Free Markets, Free People


The usual hypocrisy

Apparently the “pay czar” is about to release a report that the Wall Street bonuses, paid by financial firms that had received bailout money, were largely “unmerited”.

With the financial system on the verge of collapse in late 2008, a group of troubled banks doled out more than $2 billion in bonuses and other payments to their highest earners. Now, the federal authority on banker pay says that nearly 80 percent of that sum was unmerited.

In a report to be released on Friday, Kenneth R. Feinberg, the Obama administration’s special master for executive compensation, is expected to name 17 financial companies that made questionable payouts totaling $1.58 billion immediately after accepting billions of dollars of taxpayer aid, according to two government officials with knowledge of his findings who requested anonymity because of the sensitivity of the report.

Of course, that is Mr. Feinberg’s opinion.  However I don’t know his opinion about this, reported in March of this year:

Fannie Mae is due to pay retention bonuses of between $470,000 and $611,000 this year to some executives, despite enormous losses at the government-backed mortgage company. Fannie’s main rival, Freddie Mac, also plans to pay such bonuses but hasn’t yet provided details.

I know what my opinion is, but of course our government won’t talk about these two entities – both of which had a key, if not major role in the financial collapse.  You see, if they investigated this with an eye toward actually figuring out how that collapse transpired, it would inevitably lead back to those two institutions and the Community Reinvestment Act. And that would lead to calls for “accountability”, a standard to which only generals and the “little people” are held. With government and politician’s popularity rating already below that of used car salesmen, they’d prefer to pretend it all happened on Wall Street.

Not that anyone should be particularly surprised by that.

~McQ

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8 Responses to The usual hypocrisy

  • It’s great propaganda.  The government issues a “report” (my, how official-sounding, eh?  No bias or agenda in a “report”, right?).  This is dutifully picked up by MiniTru, so the proles can be fully informed about how private companies waste money.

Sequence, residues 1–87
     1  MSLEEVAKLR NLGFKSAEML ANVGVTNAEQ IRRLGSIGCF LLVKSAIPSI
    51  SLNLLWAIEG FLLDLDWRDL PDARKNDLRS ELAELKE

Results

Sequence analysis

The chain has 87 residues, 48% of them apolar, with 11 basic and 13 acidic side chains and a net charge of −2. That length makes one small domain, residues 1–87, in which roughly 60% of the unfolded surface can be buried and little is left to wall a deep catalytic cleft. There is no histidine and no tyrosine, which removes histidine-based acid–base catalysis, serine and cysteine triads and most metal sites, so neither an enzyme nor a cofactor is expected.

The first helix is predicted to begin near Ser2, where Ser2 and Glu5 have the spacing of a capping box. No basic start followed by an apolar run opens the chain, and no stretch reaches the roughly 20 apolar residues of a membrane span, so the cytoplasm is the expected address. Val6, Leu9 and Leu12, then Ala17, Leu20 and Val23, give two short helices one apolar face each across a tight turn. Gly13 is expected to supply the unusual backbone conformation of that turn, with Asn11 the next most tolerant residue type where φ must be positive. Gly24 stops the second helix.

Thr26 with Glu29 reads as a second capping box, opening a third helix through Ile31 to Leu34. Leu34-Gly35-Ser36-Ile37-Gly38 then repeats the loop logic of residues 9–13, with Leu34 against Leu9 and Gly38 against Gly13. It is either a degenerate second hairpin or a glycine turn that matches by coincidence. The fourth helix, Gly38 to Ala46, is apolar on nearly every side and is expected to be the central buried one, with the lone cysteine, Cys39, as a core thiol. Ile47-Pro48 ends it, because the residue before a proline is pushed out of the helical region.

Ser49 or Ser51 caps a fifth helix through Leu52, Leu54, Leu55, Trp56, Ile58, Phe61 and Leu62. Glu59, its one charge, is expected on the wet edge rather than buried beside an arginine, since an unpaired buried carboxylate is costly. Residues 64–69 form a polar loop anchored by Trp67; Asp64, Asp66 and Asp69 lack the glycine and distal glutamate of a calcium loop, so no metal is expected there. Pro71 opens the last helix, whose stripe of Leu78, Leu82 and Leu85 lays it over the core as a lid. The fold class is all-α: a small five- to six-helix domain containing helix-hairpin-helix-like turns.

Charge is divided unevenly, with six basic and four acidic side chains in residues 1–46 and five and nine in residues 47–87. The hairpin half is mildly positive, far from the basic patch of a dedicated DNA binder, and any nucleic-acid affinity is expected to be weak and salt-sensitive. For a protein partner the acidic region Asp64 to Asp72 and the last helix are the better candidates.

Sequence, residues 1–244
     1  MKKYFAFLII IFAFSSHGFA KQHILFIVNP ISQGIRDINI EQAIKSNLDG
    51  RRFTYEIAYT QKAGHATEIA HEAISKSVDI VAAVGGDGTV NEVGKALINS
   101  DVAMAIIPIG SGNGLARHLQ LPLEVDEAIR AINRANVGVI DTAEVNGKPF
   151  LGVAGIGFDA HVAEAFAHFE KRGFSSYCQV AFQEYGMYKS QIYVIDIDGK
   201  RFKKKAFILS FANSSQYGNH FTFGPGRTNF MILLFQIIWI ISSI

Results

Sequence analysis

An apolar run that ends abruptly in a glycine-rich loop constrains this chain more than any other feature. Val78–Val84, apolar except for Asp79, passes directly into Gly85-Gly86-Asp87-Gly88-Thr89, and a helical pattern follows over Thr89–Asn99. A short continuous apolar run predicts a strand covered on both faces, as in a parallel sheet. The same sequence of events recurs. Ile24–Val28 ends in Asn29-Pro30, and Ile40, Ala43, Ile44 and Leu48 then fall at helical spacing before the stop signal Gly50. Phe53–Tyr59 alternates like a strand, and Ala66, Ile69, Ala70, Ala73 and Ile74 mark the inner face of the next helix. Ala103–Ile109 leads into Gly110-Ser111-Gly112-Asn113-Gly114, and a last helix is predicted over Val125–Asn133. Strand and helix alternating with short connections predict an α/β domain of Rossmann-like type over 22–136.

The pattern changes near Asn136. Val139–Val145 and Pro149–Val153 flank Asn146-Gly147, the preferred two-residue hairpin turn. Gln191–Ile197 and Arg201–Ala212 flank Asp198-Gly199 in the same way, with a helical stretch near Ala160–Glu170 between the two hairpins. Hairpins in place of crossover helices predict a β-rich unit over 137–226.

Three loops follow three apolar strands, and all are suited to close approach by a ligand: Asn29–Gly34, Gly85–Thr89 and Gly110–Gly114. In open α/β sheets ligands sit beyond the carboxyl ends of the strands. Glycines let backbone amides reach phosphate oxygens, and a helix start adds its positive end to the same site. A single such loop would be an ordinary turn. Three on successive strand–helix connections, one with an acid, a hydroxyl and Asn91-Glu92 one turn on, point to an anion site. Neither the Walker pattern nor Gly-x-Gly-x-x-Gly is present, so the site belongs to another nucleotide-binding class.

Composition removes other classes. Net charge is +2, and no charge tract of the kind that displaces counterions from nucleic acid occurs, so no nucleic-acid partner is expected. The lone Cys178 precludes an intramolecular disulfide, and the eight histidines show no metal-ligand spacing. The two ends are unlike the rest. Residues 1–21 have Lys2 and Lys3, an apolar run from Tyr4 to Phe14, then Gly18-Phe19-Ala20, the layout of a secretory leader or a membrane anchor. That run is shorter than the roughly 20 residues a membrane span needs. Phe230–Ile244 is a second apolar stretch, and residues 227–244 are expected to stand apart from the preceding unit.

O’ course, there are seldom “reports” about government wasting money, or, if they are, they are published in conjunction to push for some new “reform” bull bill or otherwise burnish a politician’s creds as a “reformer”.

    Now, it happens that I resent the pay, bonuses and bennies that a lot of the fatcats get.  It’s hard to believe that some CEO can be paid millions while his company is laying off employees or even going bankrupt.  But here’s the catch: I realize that private companies can do what they like with their money, subject only to the law and the desires of their shareholders.  It is not the f*cking government’s place – especially an unappointed, unaccountable “czar” – to tell private businesses how much they may or may not pay their employees.  And who the hell is this Feinburg to say that the bonuses were “unmerited”?  Does he work for / in those companies?  Does he know what those people did to deserve the bonuses?  Does he know what would have happened had they not gotten the bonuses?  No, of course not.  This is a nice little political gambit, yet another effort by The Dear Golfer to both tarnish the reputation of American businesses and capitalism while distracting from the disastrous effects of his own policies.

    When did this sort of thing become acceptable in my country???

    • It goes back to movies like “Capricorn One” where the movie ends with James Brolin running up to his memorial service (after he supposedly went to Mars), with the audience left to infer that the conspiracy will be punished, but we know better.

  • However, no one evaluates Mr. Feinberg’s fitness for making this declaration.  As far as I recall, Feinberg has no experience in finance.  Nor has he ever run a company or met a payroll.  In fact, he is merely a lawyer with no particular experience or training in salary evaluation.  Just because he was appointed “pay Czar”, he was not automatically imbued with this experience.

  • Obviously we need to get the citizens of Bell, CA on this. They circle the building, chant “fuera”, and voila! the overpaid fat cats leave without severance pay.
    Is it the use of Spanish that get’s it done? May I suggest the Tea Party adopt “Fuera!” as their new battle cry?

  • The ruling class’s appetite for deference, power, and perks grows. The country class disrespects its rulers, wants to curtail their power and reduce their perks. The ruling class wears on its sleeve the view that the rest of Americans are racist, greedy, and above all stupid. The country class is ever more convinced that our rulers are corrupt, malevolent, and inept. The rulers want the ruled to shut up and obey. The ruled want self-governance. The clash between the two is about which side’s vision of itself and of the other is right and which is wrong. Because each side — especially the ruling class — embodies its views on the issues, concessions by one side to another on any issue tend to discredit that side’s view of itself. One side or the other will prevail. The clash is as sure and momentous as its outcome is unpredictable.

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